Resurgence in Number of Smoke Shops
Cigarette taxes, indoor smoking bans, and an increase in consumer education are all policies used in the U.S. to try and decrease the number of tobacco consumers. These policies have been ramping up in recent years, and one would think that this would have a heavy negative impact on smoke supply stores throughout the country, but the opposite seems to be true. Between 1998 and 2012 the U.S. Census showed that the number of tobacco shops has doubled, while the number of tobacco consumers continues to go down.
One reason for this could be that many smokers are realizing that with rising cigarette taxes, it is often cheaper to buy loose leaf tobacco and roll it themselves, or to switch to a different consumption method such as pipe smoking. It has also been hypothesized that while the number of customers frequenting these stores is decreasing, the patrons that continue to smoke are buying in larger quantities.
The vast majority of tobacco retailers are convenience stores, supermarkets, and pharmacies; making them a much larger target for antismoking advocates, while freestanding tobacco shops only made up 4% of the market in 2012. Due to the increase in cigarette prices, these stand alone retailers have found that buying in bulk and passing the savings on to the customer can be highly profitable. These stores are also helping consumers save money by carrying a greater selection of cigarette brands, many of which are drastically cheaper than the major players such as Marlboro and Camel. The success of smoke shops can also be contributed the variety of products they offer. While gas stations and conventional retailers tend to focus on pushing cigarettes and snuff, specialty tobacco stores often offer a greater selection of tobacco products and paraphernalia, such as hookah, e-cigarettes, and hand pipes.
Every year more and more states are choosing to legalize marijuana for either medical or recreational use, which has also had a positive impact on the smoke shop industry. Smoke shops that specialize in cannabis consumption often offer a vast array of grinders, rolling papers, oil rigs, glass pipes, vaporizers, and large water pipes that would make even Cheech and Chong jealous. These stores are far from exclusive to the states that have to some degree decriminalized marijuana, and can be found in most major cities all across the U.S. As marijuana use continues to become less taboo and more mainstream, one can only assume smoke shops catering to pot smokers will continue to rise.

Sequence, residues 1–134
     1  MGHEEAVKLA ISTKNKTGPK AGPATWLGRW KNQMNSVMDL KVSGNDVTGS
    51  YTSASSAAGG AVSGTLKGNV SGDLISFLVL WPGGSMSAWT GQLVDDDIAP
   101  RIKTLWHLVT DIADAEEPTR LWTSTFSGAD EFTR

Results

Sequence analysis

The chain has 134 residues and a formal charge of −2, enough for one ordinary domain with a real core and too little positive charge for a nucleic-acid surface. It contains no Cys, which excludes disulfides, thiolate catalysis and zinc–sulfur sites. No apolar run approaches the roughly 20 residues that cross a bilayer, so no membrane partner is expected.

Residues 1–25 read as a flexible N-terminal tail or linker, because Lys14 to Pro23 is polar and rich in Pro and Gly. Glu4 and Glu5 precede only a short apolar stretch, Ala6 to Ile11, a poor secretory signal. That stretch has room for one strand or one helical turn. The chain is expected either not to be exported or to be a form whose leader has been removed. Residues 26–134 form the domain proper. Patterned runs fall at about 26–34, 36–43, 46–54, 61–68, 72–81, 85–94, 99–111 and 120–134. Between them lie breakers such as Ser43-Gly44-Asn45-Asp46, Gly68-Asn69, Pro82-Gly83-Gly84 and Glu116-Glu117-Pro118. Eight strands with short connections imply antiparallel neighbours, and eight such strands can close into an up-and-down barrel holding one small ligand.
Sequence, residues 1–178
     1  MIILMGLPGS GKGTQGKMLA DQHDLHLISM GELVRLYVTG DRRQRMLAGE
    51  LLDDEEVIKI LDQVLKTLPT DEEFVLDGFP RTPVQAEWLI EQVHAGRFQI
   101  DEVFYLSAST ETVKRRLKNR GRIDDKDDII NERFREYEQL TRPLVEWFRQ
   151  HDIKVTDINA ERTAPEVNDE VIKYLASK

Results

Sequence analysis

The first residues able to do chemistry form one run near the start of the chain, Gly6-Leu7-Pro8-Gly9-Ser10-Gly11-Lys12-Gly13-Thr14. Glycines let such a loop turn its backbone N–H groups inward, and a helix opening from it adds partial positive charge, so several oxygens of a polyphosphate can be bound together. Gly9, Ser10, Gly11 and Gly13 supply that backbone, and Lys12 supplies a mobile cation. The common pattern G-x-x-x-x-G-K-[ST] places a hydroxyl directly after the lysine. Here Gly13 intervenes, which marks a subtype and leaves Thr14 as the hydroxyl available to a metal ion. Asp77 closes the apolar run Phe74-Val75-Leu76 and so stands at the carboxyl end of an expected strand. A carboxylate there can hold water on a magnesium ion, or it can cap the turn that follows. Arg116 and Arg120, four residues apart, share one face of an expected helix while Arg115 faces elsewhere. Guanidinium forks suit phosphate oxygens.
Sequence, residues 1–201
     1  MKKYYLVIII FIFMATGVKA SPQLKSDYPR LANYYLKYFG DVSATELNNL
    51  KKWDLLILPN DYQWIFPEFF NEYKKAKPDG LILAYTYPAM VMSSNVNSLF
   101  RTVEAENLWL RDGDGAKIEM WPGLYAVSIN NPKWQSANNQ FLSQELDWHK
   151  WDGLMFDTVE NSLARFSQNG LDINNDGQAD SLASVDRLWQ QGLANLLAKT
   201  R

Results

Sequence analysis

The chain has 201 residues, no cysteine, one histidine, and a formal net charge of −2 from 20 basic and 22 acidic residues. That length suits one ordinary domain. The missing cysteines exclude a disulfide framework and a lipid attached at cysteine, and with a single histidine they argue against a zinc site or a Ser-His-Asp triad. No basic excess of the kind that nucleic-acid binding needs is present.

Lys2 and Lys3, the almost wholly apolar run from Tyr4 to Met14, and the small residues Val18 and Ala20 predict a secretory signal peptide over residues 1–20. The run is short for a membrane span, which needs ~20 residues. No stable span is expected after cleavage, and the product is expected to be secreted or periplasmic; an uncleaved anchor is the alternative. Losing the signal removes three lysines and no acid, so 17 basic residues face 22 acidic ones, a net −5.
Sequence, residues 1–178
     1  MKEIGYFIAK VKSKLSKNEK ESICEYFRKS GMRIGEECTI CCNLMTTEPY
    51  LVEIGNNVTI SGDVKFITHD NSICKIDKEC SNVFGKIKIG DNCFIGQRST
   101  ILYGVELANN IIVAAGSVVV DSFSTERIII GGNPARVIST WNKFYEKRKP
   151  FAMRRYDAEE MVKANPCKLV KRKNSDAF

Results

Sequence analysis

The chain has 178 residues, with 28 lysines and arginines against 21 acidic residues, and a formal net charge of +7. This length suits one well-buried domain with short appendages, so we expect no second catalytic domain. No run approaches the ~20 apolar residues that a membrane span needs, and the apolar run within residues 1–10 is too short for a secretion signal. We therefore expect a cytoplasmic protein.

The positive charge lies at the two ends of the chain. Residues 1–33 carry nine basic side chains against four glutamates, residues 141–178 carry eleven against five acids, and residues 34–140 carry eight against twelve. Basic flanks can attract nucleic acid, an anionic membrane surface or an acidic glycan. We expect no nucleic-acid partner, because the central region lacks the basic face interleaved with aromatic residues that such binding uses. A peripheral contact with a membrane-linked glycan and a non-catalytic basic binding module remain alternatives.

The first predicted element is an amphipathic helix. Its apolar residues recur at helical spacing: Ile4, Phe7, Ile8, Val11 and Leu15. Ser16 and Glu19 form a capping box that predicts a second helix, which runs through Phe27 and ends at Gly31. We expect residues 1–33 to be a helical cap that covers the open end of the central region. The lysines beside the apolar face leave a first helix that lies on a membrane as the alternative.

In recent years, many anti-tobacco ad campaigns have focused on the harmful additives that big tobacco companies are adding to their factory made cigarettes, claiming that these chemicals make the product more addictive and harmful for the consumer. Campaigns like this may have actually helped tobacco supply stores by pushing customers their way that are in search of a healthier tobacco product. Smoke shops allow the consumer to pick out a tobacco they prefer, many of which are organically grown and do not feature any additives. Beginning in the early 2000s, many states began requiring cigarettes to be “fire safe”. This is often achieved by adding chemical bands throughout the length of the cigarette that are intended to extinguish a cigarette if it is left unattended. Many smokers are worried that the chemicals in these bands may have negative impacts on their health, and have turned to smoke shops to supply them with quality tobacco and cigarette papers that are free of such fire safe measures.
Public health initiatives have long been focused on decreasing cigarette consumption, and do not focus on things like hookah or e-cigarettes. Because of this, the new generation of tobacco consumers are more inclined to use these methods to get there buzz, rather than lighting up a cigarette. Between 2011 and 2015, e-cigarette use among high school students has shot up 14.5 percent, while hookah use has gone up 3 percent during the same time period. Smoke shops carry a wide selection of flavors and strengths of shisha (hookah tobacco) and e-cigarette fluid, allowing the user to enjoy a customized smoking experience not found with conventional tobacco products.
The “cool” factor also seems to be helping out the industry. It’s increasingly becoming more hip to be seen puffing on a nice hand carved pipe, thick stogie, or hand rolled cigarette rather than your typical mass-produced cigarette. While conventional cigarette smoking went down 33 percent from 2000 to 2011, the CDC reports that loose tobacco and cigar sales went up an astounding 123 percent during the same period. The largest uptick in use by far has been pipe tobacco use. Once thought of as a habit reserved for the snooty and stuck up crowd, that image has been shattered; leading to an impressive 482 percent increase in sales between 2000 and 2011. While it is true that many gas stations, grocery stores, and pharmacies carry these products, the brand selection is limited and the quality is almost always lacking, which pushes many consumers into specialty tobaccos shops to find the products they desire.